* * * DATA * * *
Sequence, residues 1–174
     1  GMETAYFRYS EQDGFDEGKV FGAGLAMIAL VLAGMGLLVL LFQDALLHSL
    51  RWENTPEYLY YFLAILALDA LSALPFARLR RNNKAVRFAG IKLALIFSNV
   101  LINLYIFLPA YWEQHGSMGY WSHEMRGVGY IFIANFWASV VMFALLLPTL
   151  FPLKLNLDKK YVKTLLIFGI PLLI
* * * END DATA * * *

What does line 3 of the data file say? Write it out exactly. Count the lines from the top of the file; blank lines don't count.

    51  RWENTPEYLY YFLAILALDA LSALPFARLR RNNKAVRFAG IKLALIFSNV